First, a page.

Six miles under the Pacific, a robot implodes (+video)

Nereus, a remotely operated deep-sea vehicle, apparently couldn't withstand the pressure in the Kermadec Trench, the world's second deepest spot. 

By , LiveScience Managing Editor

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    The hybrid remotely operated vehicle (ROV) called Nereus (shown here) has been tasked with exploring the deepest parts of the Earth's ocean where pressure can be as great as 16,000 pounds per square inch. It has explored the world's deepest trench, the Marianas Trench, and the second-deepest trench, the Kermadec Trench.
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A hybrid remotely operated vehicle (ROV) dubbed Nereus was lost while diving 6.2 miles (10 km) beneath the sea surface in a deep trench northeast of New Zealand on Saturday (May 10), representatives for the Woods Hole Oceanographic Institution have confirmed.

Part of the ROV, diving in the Kermadec Trench, may have imploded under pressures reaching a seam-bursting 16,000 lbs. per square inch (psi). (On Earth, humans are exposed to pressures of nearly 15 psi.)

The Kermadec Trench is the world's second-deepest trench, plunging 32,963 feet (10,047 meters) below the sea surface, second only to the Mariana Trench, which reaches 36,201 feet (11,034 m) beneath the surface of the Pacific Ocean.

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The deep-diving vehicle, which operates remotely via an optical fiber tether and also as a free-swimming autonomous vehicle, was 30 days into a 40-day expedition to explore the deep-ocean trench aboard the research vessel Thomas G. Thompson. [See Photos of Nereus and Deep-Diving Expedition]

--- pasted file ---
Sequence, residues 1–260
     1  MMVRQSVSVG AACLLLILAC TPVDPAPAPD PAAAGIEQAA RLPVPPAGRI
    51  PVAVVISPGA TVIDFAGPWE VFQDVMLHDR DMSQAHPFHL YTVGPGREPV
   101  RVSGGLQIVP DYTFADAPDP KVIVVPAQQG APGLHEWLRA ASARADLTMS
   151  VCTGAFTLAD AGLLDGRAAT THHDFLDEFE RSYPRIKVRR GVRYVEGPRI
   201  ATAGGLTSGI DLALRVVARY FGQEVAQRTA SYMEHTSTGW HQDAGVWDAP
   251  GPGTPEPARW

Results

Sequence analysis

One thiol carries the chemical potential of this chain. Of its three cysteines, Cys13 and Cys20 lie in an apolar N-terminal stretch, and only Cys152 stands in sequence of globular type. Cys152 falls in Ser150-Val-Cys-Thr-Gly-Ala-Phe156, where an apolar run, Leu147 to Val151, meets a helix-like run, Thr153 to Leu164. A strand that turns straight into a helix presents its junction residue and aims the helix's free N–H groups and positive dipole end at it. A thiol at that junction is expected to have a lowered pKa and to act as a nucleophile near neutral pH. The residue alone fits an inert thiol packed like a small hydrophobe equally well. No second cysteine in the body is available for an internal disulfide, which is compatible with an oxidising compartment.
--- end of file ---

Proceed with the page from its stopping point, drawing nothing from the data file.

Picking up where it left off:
At 2 p.m. local time Saturday (10 p.m. Friday EDT), about seven hours into a planned nine-hour dive to the deepest part of the Kermadec Trench, researchers aboard the Thompson lost contact with the ROV. The researchers spotted floating debris, which was later identified as part of Nereus, suggesting the vehicle had imploded, said representatives for the Woods Hole Oceanographic Institution (WHOI) in Massachusetts, where the vehicle was designed and built in 2008. The ship's crew is collecting the debris to confirm its identity and hopefully reveal information about the implosion.

"Extreme exploration of this kind is never without risk, and the unfortunate loss of Nereus only underscores the difficulty of working at such immense depths and pressures," said Larry Madin, director of research at WHOI. "Fortunately, there was no human injury as a consequence of this loss."

The current expedition aimed to collect images and samples of unusual sea life that can survive the eye-popping pressures of the Kermadec Trench. The trench runs northeast from the North Island of New Zealand to the Louisville Seamount Chain and was formed by a process called subduction, in which the Pacific (tectonic) Plate dives beneath the Indo-Australian Plate.

This isn't Nereus' first gig, either. The ROV is one of just four submersibles ever to reach the ocean's deepest spot within the Mariana Trench, and had also explored the world's deepest known hydrothermal vents in the Caribbean Sea.

"Nereus helped us explore places we've never seen before and ask questions we never thought to ask," said Timothy Shank, a biologist at WHOI. "It was a one-of-a-kind vehicle that even during its brief life, brought us amazing insights into the unexplored deep ocean, addressing some of the most fundamental scientific problems of our time about life on Earth."

The Kermadec Trench runs northeast from New Zealand's North Island to the Louisville Seamount Chain. It is the second-deepest oceanic trench in the world and formed by subduction, a geophysical process in which the Pacific Plate is pushed beneath the Indo-Australian Plate.

Funding for the $8 million Nereus project came from the National Science Foundation, the Office of Naval Research, the National Oceanic and Atmospheric Administration, the Russell Family Foundation and WHOI.

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